Furthermore, the competition is targeting the sub-$500 robotic vacuum market, but as the industry data above shows, consumers are shifting towards iRobot’s higher-end Roomba 900 series products, which retail for $700 – 900. We believe iRobot has established themselves as the go-to premium robotic vacuum brand. Competitors will likely struggle to compete in this area of the market. More competition may even be a net positive for iRobot because it will continue to increase consumer awareness. Given all domestic robot markets are significantly under penetrated there is plenty of room for more than 1 robot company to flourish. While iRobot has not yet seen the increased competition in the wet floor market, we do anticipate more players to enter the space as the market opportunity grows. Similar to the vacuum space, we anticipate iRobot will maintain its leading position.

Many New Products To Come – Robotic Lawnmower in 2018 Likely

Since iRobot sold off their defense business in 2016, the company has been fully focused on bringing automation to the home. In the near term, we anticipate iRobot will continue to introduce new Roomba and Braava products that improve on performance, battery life and other unique features, such as Wi-Fi capabilities. However, iRobot is one of the most innovative robotic companies in the world, and we believe there technology is transferable across several robot domains.

We expect iRobot to introduce a robotic lawnmower in 2018. While the company has not disclosed when the product could be available, they have indicated they are pursing it. We believe iRobot will hint at introducing a lawnmower over the next two earnings call, and introduce a robot lawnmower in the Spring of 2018. This is not an “if”, but more of a “when” they will introduce a robotic lawnmower; if not in 2018, a 2019 launch is very likely. Due to the average North American lawn being too large for a robotic lawnmower to cut efficiently, iRobot will likely target Europe and APAC countries for which the technology is better suited.

5 Year Outlook

We expect iRobot to ship 3.5M total units in 2017, which is up 22% over the prior year. We expect 3.1M or ~85% of units sold will be Roomba vacuum cleaners, which is an acceleration of 19% from the previous year. While the remaining ~15% will be in the form of Braava products, this category is beginning to see meaningful momentum as the company continues to contribute higher marketing dollars around this product line. We believe the company will sell ~464k wet floor products in 2017, which is up 50% year/year. Looking longer term, we believe both Roomba and Braava categories will see robust growth over the next several years. Driving catalyst in both categories will be increase consumer awareness and strong robot adoption in both domestic and international markets. Furthermore, we believe the company will introduce a robotic lawn mower in 2018. While it will take time for this category to be material to the story, eventually it will be another positive tailwind. As it relates to the P&L, we believe the company will see 20%+ revenue growth through 2020, due to strong demand for many products across the company’s portfolio. However, we believe iRobot will continue to see stronger demand for their high-end systems, which will drive ASPs modestly higher through 2019. This coupled with modest operating leverage, iRobot will experience 25%+ operating income growth through 2022.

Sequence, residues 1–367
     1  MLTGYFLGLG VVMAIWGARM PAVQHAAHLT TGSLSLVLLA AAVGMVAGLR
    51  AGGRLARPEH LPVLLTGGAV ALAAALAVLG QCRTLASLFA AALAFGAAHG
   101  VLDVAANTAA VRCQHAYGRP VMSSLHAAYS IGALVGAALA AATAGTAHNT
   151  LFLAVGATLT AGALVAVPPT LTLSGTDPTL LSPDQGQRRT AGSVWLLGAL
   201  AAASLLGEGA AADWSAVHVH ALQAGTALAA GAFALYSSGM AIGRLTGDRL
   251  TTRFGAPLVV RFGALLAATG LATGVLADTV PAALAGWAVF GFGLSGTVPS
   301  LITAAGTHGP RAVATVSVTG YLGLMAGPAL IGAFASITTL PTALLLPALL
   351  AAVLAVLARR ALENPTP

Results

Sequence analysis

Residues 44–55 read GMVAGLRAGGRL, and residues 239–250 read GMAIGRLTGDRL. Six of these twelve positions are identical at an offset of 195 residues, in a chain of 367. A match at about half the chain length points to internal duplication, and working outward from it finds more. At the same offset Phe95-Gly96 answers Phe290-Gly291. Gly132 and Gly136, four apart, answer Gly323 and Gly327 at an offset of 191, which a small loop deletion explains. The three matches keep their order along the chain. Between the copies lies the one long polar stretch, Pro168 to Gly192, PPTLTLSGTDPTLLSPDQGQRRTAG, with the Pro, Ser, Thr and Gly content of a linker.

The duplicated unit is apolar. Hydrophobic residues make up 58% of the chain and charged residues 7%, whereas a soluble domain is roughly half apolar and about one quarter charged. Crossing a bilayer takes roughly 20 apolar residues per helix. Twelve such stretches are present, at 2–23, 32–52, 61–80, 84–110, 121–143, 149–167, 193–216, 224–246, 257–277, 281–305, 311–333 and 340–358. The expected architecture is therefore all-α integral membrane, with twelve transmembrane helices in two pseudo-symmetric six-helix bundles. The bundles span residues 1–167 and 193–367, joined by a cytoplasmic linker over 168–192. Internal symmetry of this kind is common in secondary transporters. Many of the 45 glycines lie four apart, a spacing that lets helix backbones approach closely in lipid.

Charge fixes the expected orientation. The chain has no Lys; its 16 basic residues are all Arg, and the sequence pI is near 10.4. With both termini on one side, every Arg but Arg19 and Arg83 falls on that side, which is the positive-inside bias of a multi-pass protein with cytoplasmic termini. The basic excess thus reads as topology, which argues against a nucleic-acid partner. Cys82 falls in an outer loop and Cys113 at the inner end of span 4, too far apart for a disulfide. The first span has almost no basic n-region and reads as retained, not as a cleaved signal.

Bottom Line

We believe that adoption of robots within in the home is quickly approaching an inflection point as more consumers are looking to automate daily household chores such as vacuuming, sweeping, mopping, as well as mowing the lawn. Driven by iRobot’s robust technology expertise and strong brand awareness, we anticipate iRobot will be the leading provider of home robot technology for the next several years.

Disclaimer: We actively write about the themes in which we invest: artificial intelligence, robotics, virtual reality, and augmented reality. From time to time, we will write about companies that are in our portfolio. Content on this site including opinions on specific themes in technology, market estimates, and estimates and commentary regarding publicly traded or private companies is not intended for use in making investment decisions. We hold no obligation to update any of our projections. We express no warranties about any estimates or opinions we make.

iRobot, Robotics